4.)  Drones to protect Baltimore and DC and Don’t Be Alarmed by the Drone Blimps Hovering Over D.C. They’re Here to Stop Cruise Missiles

Two Raytheon JLENS (Joint Land Attack Cruise Missile Defense Elevated Netted Sensor)  helium-filled aerostats are planned to provide Washington, DC with protection against threats such as cruise missiles, high-speed attack boats, armed drones, planes, tanks, and trucks. Guest Jamie Dodson played a role in the JLENS program.

The Killing Machines by Mark Bowden a national correspondent for The Atlantic.

This well done article is balanced and presents the history and current issues associated with military drone strikes. Highly recommended regardless of your position on this issue.

Recorded 22 August 2013

UAV 001 The D Word

Northrup Sandshark

The word “drone” has a negative connotation to some. What does it mean and can perception be changed?

This week’s event:

Association for Unmanned Vehicle Systems International (AUVSI) Unmanned Systems 2013 Conference
Aug 12 – 15, 2013 in Washington, DC

AUVSI is a non-profit organization dedicated to advancing the unmanned systems and robotics community. They have 7,500 members from government organizations, industry and academia. AUVSI members support defense, civil and commercial sectors.

The News:

DON’T SAY ‘DRONES,’ Beg Drone Makers

To the public, “drone” has a bad connotation: military, death, etc. Can the industry change the word and change perception?

Florida Keys turns to UAVs to take on mosquitos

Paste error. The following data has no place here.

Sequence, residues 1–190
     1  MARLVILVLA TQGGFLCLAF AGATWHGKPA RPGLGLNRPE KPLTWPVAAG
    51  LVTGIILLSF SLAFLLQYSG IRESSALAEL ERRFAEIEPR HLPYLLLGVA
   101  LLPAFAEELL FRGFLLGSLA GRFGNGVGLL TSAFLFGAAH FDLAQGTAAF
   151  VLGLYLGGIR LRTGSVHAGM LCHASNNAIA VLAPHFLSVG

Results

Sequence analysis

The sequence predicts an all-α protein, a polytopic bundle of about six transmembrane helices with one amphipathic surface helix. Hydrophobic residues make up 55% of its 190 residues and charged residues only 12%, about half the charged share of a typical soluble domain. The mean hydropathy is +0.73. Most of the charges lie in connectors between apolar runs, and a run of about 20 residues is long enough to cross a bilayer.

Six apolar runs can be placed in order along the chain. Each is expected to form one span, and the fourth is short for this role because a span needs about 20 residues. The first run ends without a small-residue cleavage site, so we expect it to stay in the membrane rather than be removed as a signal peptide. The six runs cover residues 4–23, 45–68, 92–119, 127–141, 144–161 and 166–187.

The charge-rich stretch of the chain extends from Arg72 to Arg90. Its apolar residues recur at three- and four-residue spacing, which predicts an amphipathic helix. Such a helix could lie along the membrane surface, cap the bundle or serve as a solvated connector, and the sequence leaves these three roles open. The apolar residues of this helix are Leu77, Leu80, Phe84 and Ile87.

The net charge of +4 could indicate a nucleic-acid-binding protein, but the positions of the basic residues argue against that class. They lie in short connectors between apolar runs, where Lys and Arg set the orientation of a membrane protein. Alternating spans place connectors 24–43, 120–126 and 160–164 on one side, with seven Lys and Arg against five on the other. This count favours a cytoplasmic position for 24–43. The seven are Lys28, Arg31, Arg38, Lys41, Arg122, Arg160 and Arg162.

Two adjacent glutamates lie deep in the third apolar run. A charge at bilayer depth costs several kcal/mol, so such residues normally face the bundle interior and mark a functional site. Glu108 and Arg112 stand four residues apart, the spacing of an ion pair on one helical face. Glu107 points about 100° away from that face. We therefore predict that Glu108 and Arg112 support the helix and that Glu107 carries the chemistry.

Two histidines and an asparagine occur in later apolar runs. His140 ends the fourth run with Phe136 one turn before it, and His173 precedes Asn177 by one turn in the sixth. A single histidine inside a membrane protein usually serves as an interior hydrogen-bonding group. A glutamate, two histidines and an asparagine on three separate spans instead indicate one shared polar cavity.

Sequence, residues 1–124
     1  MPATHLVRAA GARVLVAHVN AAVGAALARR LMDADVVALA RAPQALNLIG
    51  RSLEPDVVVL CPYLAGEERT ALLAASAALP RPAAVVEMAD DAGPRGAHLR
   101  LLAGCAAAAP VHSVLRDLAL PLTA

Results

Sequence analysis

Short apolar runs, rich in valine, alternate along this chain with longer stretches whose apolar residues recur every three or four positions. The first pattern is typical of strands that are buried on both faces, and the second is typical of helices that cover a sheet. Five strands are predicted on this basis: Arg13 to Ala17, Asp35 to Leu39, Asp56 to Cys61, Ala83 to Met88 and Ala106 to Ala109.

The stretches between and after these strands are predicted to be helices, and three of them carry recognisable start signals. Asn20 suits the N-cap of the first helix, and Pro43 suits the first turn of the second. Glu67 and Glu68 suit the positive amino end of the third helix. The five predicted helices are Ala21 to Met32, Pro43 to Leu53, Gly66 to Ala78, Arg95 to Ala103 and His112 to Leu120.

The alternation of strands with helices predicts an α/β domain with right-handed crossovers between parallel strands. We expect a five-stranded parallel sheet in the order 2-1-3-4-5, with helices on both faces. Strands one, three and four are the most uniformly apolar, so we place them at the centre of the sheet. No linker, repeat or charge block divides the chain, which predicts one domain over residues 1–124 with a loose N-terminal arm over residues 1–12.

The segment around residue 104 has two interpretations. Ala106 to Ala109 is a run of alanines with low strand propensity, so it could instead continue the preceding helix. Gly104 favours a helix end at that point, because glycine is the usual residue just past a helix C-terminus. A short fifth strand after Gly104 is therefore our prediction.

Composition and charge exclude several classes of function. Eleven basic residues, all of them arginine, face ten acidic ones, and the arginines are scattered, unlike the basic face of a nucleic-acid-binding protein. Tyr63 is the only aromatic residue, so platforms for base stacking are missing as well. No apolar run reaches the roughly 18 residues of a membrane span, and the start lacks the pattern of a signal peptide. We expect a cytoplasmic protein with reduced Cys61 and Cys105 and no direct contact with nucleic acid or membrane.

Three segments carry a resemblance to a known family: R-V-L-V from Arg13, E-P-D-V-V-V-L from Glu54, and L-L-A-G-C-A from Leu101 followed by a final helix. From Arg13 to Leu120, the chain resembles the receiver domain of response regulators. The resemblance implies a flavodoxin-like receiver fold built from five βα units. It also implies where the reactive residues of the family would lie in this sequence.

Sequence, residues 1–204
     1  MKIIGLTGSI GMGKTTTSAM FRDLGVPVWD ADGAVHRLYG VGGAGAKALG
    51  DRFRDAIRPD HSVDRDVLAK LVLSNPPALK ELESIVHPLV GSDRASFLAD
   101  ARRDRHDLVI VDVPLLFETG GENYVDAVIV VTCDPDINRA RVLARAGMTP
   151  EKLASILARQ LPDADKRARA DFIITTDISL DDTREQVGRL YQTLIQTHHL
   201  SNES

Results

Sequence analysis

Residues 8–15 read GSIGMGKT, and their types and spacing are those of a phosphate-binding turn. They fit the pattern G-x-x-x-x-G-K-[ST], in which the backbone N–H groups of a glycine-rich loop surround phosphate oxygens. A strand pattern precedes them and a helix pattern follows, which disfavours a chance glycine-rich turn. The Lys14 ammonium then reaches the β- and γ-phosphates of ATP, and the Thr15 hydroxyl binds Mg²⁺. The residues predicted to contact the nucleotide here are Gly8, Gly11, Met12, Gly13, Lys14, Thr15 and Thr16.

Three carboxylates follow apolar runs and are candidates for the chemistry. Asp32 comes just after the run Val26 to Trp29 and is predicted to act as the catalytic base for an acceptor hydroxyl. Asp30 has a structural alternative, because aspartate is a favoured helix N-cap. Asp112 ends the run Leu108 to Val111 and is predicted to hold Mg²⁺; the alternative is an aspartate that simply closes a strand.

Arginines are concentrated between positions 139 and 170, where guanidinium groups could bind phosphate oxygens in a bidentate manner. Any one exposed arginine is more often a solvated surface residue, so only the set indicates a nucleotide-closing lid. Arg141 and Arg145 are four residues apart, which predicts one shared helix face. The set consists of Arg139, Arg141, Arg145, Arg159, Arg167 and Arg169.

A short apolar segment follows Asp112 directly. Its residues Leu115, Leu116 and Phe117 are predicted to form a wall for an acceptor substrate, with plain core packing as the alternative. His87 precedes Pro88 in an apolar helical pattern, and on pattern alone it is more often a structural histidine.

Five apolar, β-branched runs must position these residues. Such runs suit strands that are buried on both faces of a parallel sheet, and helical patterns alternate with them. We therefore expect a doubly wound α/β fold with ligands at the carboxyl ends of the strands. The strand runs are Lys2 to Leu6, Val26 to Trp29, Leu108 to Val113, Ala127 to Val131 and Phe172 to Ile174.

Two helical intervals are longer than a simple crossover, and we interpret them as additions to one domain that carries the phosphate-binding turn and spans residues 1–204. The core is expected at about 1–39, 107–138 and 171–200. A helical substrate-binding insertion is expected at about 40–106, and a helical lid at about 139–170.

The Florida Keys Mosquito Control District is set to begin testing August 26 a Condor Aerial Maveric fixed wing UAV. They’ll use infrared cameras to identify pools of water that can host mosquito larvae. Then the water would be treated with larvicide on the ground. The Maveric was originally developed for law enforcement.

Northrop Offers Rental Drones To Air Force, Customs Training

Northrop Grumman has a new idea for the Air Force and U.S. Customs and Border Protection: rather than train remotely piloted aircraft (RPA) pilots on MQ-1 Predators and MQ-9 Reapers or in expensive simulators, give them basic flying time on a small SandShark drone. They’d pay by the hour.

This would save $70M per year. Operators can control them over any 4G cellphone network or the Internet.

UAVs in the U.S. Coast Guard

Drug smugglers have something new to worry about: the ScanEagle UAS. In demonstration trials, the Coast Guard interdicted a half ton of cocaine. They want to roll out the ScanEagle across its national security cutter fleet, starting in fiscal 2017.

AUVSI: Insitu looks to widen civilian ScanEagle applications

Boeing subsidiary Insitu continues to make commercial headway with the ScanEagle. In addition to the Coast Guard application, an undisclosed oil company plans to perform ice flow monitoring and wildlife observation flights off the Alaska coast.

ScanEagle air vehicles have logged more than 730,000 operational flight hours, through more than 88,000 sorties.


UAV 000 Getting to Know You


In this first episode, we introduce ourselves, define some unmanned aerial vehicle terminology, and briefly comment on the recent FAA action to grant type certification to the Insitu ScanEagle and the AeroVironment Puma.

FAA Certification for ScanEagle

AeroVironment’s Puma AE Small Unmanned Aircraft System Receives Federal Aviation Administration Type Certificate for Commercial Use